His new book “The Longevity Imperative” compellingly argues for a comprehensive societal transformation in response to increasing life expectancies. You may have read his prior books, including: The 100-Year Life and The New Long Life.
Professor Scott articulates a vision for a “longevity society,” where longer lives are not seen as a burden but as an opportunity for growth, innovation, and sustainability. He presents the "longevity imperative" as an urgent need for systemic change across healthcare, employment, education, and financial planning to ensure that an aging population can lead fulfilling, healthy, and secure lives.
Niall Ferguson, Milbank Family Senior Fellow, the Hoover Institution, Stanford says:
As improvements in medical science and living standards ensure that most of us now live to be old, how do we make sure that we "age well"—that we are "evergreen"? That is the question at the heart of Andrew Scott's striking new book, which argues persuasively that aging is as big a challenge for humanity as climate change or artificial intelligence...
Scott has some wise suggestions as to how exactly we can do it.
David Sinclair, Professor of Genetics, Harvard Medical School, author of NYT Bestseller “Lifespan” says:
Finally, a manifesto to guide the longevity revolution. A revelation on every page. Should be required reading for every physician and politician. On almost every page, I found myself saying, ‘Really, I didn’t know that!’
Key insights from his book:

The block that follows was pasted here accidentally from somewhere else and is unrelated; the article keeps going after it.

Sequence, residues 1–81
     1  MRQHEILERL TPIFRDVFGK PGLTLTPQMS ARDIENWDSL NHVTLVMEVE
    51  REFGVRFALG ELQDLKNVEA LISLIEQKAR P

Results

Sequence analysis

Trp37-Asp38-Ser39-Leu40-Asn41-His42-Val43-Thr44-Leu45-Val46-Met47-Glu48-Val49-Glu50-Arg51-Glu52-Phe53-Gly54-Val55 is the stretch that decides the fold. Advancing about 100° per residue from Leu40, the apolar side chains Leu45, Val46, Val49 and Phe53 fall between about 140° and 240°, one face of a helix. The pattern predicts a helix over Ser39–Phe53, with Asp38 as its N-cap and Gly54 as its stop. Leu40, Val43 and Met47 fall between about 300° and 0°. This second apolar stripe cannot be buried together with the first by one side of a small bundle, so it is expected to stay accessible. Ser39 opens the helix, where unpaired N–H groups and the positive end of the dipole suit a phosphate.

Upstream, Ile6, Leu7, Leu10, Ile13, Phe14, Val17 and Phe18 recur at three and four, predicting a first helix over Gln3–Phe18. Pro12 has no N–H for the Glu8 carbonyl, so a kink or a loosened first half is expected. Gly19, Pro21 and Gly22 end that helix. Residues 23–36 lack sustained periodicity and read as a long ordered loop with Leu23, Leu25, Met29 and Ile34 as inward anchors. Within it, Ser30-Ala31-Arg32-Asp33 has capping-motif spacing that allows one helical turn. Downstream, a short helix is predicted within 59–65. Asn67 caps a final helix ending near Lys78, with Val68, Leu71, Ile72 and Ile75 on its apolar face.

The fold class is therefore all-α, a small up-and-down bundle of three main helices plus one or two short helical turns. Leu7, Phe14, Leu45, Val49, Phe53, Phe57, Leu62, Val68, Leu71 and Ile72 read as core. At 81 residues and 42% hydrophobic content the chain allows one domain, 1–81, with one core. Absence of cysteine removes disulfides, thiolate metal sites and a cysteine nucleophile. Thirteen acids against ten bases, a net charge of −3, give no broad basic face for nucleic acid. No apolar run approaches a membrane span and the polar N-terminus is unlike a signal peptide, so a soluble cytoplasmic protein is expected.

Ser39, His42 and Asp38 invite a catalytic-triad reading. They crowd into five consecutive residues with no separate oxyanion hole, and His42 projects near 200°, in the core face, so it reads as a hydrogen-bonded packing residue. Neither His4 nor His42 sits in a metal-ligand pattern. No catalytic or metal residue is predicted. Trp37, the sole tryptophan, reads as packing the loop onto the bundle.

Healthcare Transformation: Advocating for a shift towards preventative care to manage health across longer lifespans.
Rethinking Work and Education: Adapting these systems for continuous growth and flexibility, rather than a linear progression from education to retirement.
Innovative Financial Products: Developing new financial strategies to support extended lifetimes.
Cultural Shift in Aging Perception: Promoting a positive, proactive approach to aging, recognising the potential for contribution and growth at all ages.
The book proposes practical strategies for individuals and societies to invest in future well-being and longevity. These include focusing on preventative health measures, enhancing public health infrastructure, fostering personal and social development throughout life, and building and maintaining strong relationships. He also calls for a "health revolution" that prioritizes maintaining good health through an integrated approach that considers environmental, occupational, and lifestyle factors.
“The Longevity Imperative” is not just a call to action but a roadmap for navigating the complexities of an aging global population. It underscores the need for a paradigm shift in how we view and prepare for longer lifespans, advocating for policies and practices that support a healthy, engaged, and financially secure aging population. His work encourages a reevaluation of our societal structures to embrace the longevity dividend, ultimately fostering a world where aging is not feared but celebrated as an opportunity for continued growth and contribution.
Many of you are interested in Longevity and it’s myriad impacts and opportunities, I will be hosting a very special zoom session with Prof. Scott on March 20th 12 pm EST (just a week after the book is released) to discuss the Longevity Imperative.
We will limit the party to 40 people to make sure we can have an open and interactive discussion. If you’d like me to hold you a precious spot, just reply to lock it in.
C. The Science and Technology Section
1. ARK Invest shared their Annual BIG IDEAS 2024 Research Report.
2. Could cells replace pills as the most ubiquitous form of medicine? Elliot Hershberg at The Century of Biology had a new essay on the past, present, and future of cell-based therapy.
Three Key Insights:
Engineered cell therapies like CAR-T represent a completely new paradigm for medicine where cells are genetically programmed to detect and treat disease when introduced into the body. CAR-T has shown extraordinarily promising results, with 83% of patients in remission within 3 months in one trial.